The effects of four different ionic composition low salinity water (T1, T2, T3, and T4), on growth and survival of Litopenaeus vannamei marine shrimp juveniles were investigated. Shrimp culture in seawater (Tm) was used as control treatment. The results indicated that there were no significant difference (P < 0.05) in growth, survival, production, and feed conversion ratio (FCR) of L. vannamei juveniles reared in the different treatments, but significant differences (P < 0.05) were observed between each of them when compared with seawater (Tm). After 84 days, culture shrimp grew from 0.02 to 7.58 g in T1. The lowest growth rate was attained in T3(0.57 g/week), in which potassium and calcium ions concentrations were the lowest (0.58 and 28.00 mg/L, respectively). The recorded survival rate (76.35% to 79.55%) is considered well for the 84 days growout period, although it was 7.6% lower than that recorded in the control treatment. Although there were no significant differences (P < 0.05) in growth with respect to the ionic composition of the four treatments, there was a trend of increasing growth in relation with the ionic ratio found in the seawater (Tm). This aspect should be evaluated more closely in future research. © 2009 Taylor & Francis Group, LLC.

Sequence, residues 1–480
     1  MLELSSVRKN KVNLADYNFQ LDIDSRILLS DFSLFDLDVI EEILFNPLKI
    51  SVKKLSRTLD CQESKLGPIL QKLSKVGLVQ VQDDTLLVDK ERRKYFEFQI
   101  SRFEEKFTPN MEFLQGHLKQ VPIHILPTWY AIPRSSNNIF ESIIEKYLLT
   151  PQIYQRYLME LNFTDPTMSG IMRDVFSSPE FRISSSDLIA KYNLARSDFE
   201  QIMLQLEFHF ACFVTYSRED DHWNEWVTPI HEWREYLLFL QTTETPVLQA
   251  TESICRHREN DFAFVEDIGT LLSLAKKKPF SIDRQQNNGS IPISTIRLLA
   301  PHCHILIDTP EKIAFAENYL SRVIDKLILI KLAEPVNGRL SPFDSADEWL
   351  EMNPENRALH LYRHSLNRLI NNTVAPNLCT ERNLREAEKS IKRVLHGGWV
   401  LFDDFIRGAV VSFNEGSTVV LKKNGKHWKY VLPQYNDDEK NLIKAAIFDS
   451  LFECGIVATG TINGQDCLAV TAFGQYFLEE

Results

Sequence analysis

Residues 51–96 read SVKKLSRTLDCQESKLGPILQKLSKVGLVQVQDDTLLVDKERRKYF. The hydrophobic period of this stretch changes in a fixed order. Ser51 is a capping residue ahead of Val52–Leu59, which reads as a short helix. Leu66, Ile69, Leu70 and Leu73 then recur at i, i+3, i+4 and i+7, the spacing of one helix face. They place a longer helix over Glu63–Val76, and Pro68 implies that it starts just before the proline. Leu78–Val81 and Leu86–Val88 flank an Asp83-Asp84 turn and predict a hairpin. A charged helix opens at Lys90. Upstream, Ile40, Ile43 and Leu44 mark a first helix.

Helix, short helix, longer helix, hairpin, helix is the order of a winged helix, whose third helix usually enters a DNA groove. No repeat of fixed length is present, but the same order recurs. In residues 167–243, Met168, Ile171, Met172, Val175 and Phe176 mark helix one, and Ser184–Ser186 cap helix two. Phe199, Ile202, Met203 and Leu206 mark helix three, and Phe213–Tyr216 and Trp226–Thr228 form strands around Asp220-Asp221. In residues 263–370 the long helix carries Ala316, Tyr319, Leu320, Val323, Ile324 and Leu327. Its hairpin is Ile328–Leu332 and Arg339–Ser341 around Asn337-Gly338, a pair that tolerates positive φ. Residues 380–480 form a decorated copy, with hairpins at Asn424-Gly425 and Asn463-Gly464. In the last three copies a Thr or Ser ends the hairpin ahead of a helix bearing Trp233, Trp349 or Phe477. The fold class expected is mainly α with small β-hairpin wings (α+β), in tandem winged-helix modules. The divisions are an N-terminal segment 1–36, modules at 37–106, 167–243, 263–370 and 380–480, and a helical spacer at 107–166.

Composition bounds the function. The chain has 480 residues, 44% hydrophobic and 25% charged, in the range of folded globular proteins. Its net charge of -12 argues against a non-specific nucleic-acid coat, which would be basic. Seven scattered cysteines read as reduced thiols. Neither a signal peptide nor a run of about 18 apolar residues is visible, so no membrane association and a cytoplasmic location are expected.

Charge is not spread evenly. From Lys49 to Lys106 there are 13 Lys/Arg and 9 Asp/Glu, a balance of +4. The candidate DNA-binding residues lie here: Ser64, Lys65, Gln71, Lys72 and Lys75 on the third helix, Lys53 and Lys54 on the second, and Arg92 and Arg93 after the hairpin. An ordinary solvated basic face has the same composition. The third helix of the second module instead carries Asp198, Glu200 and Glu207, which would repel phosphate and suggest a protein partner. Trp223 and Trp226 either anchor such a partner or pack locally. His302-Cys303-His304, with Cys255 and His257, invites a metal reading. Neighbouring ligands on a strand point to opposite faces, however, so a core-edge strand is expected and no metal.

Esparza-Leal, H. M., Valenzuela-Quiñónez, W., Ponce-Palafox, J. T., Beltrán, H. C., & Figueroa, J. L. A. (2009). The effect of low salinity water with different ionic composition on the growth and survival of litopenaeus vannamei (boone, 1931) in intensive culture. Journal of Applied Aquaculture, 215-227. https://doi.org/10.1080/10454430903113958